Although some scientists argue that memory loss is not age related, there is more statistical research to support that it is. According to most research, everyone will be affected by memory problems as they age. Some of these problems occur because of the dying off of neural connections in the prefrontal cortex, which is responsible for memory, the ability to multitask, abstract thought and reasoning, and cognitive functions like the ability to understand what you read and see.

A Yale University study, reported in the journal Nature, seems to have uncovered the cellular defect that can cause some memory lapses, specifically those found in people affected by Attention Deficit Disorder (ADD). Results from tests on older lab monkeys have shown weaker connections in the prefrontal cortex than the connections on younger animals. The good news is, however, this problem may be reversible.

The prefrontal cortex is a vulnerable area for aging humans and primates. In this study the neuro-electrical activity recorded a slowing of the firing rate of neurons in the aging animals, even though neurons in other areas of the brain still react normally.

The study also found that medication taken for high blood pressure in adults, such as guanfacine, helped to improve prefrontal cortex neuron firing rates in the older monkeys. By delivering guanfacine to the brain, neurons in the older monkeys reacted the same as those of younger monkeys.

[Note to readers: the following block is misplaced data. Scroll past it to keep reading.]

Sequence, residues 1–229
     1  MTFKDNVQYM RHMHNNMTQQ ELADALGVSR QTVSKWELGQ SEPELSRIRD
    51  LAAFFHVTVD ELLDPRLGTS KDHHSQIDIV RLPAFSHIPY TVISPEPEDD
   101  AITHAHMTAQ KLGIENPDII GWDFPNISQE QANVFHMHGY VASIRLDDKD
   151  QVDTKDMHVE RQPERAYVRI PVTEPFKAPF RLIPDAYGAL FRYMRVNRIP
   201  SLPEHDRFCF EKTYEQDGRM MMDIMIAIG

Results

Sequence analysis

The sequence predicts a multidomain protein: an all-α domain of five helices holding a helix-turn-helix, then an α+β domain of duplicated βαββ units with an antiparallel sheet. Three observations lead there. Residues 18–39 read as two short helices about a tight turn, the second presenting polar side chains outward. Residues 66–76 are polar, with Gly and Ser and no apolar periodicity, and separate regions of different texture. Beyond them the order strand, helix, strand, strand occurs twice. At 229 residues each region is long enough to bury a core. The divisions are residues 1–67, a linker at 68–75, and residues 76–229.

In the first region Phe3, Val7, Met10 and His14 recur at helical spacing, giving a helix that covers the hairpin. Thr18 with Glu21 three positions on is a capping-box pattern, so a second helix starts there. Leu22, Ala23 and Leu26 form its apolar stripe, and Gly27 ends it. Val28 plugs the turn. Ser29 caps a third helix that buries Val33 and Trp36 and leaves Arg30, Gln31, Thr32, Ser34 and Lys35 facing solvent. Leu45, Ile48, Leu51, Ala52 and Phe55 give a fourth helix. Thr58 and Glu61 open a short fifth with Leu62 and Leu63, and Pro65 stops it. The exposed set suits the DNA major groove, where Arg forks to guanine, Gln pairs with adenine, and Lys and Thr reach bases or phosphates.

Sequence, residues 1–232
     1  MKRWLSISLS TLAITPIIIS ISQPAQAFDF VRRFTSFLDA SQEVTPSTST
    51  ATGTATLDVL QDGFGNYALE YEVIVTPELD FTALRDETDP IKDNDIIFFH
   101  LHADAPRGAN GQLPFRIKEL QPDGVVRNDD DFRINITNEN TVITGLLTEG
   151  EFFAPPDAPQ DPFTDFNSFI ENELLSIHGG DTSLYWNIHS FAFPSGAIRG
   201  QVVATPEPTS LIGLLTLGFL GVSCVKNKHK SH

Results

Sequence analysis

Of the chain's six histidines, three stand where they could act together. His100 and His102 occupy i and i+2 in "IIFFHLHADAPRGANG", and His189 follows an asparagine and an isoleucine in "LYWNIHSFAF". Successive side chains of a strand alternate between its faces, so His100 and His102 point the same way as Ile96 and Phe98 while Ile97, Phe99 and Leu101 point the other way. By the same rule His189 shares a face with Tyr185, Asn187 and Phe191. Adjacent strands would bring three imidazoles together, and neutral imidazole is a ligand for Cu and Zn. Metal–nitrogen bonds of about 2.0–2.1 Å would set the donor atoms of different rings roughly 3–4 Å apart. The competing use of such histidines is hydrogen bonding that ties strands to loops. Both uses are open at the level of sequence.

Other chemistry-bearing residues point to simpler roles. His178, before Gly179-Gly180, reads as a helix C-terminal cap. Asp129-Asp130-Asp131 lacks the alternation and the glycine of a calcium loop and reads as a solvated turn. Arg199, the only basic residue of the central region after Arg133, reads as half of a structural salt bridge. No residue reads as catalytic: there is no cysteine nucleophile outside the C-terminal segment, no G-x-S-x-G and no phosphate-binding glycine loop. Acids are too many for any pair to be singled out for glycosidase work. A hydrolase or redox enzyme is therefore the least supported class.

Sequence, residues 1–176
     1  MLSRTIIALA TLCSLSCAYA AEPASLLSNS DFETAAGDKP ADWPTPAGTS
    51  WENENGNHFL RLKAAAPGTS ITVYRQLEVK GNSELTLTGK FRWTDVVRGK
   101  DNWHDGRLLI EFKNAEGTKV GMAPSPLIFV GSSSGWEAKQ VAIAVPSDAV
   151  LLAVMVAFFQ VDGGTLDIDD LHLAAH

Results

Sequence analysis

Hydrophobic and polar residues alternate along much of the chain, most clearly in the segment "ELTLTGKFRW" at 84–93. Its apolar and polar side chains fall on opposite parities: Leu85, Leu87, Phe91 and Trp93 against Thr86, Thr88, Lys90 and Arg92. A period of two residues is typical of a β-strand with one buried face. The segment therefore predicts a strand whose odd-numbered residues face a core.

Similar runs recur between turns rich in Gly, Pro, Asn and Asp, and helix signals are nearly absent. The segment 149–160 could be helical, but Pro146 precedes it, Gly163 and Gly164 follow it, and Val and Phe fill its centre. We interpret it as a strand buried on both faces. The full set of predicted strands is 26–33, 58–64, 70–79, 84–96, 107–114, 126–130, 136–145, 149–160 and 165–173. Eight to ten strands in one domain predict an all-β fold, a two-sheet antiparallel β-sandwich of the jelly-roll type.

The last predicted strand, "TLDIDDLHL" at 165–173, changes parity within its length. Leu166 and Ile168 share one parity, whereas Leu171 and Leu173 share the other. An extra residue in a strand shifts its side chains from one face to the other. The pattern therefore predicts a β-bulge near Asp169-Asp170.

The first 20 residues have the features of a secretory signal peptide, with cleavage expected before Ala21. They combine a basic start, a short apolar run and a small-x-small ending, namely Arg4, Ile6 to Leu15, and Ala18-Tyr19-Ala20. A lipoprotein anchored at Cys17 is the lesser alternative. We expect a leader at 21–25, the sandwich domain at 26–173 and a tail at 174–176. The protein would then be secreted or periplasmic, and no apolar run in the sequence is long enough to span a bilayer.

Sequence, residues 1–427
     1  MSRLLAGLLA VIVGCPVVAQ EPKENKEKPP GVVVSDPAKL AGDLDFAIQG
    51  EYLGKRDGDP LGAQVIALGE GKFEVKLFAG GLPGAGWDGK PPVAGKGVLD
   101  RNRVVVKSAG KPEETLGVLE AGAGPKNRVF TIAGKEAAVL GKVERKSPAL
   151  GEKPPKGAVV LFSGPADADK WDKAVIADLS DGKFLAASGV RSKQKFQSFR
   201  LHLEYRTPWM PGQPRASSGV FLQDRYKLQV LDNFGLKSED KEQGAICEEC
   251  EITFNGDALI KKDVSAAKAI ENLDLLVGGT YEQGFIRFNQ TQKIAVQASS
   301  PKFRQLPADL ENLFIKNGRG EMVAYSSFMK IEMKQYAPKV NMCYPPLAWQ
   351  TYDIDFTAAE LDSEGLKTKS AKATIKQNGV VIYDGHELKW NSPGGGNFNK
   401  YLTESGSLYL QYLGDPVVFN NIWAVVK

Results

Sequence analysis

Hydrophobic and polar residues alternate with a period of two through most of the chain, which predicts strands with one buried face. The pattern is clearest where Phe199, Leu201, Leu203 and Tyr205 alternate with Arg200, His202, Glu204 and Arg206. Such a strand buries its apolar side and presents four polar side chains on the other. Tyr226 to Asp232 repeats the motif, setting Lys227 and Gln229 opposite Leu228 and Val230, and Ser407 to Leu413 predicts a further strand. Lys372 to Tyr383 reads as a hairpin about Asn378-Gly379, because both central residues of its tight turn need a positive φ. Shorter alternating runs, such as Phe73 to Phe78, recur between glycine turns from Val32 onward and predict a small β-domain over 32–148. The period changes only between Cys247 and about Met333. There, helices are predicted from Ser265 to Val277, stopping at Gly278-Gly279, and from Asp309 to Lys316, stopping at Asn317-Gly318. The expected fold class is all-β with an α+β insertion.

Although animal studies cannot always be carried over to humans, there are clinical studies underway currently with a promising compound to try to produce the same results. This could provide the keys to changes that occur when we age are specific, and could be reversed.

Maintaining memory fitness in older adults, in order to maintain the quality of life and live independently needs to continue to be addressed. In the meantime, maintaining a balanced diet and regular exercise regime, and working with memory training experts to learn new memory techniques – as well as working puzzles and doing brain games and exercises, are still viable ways to enhance memory and delay age-related memory problems.


Sources: – Age-Related Memory Loss Reversed in Animal Study: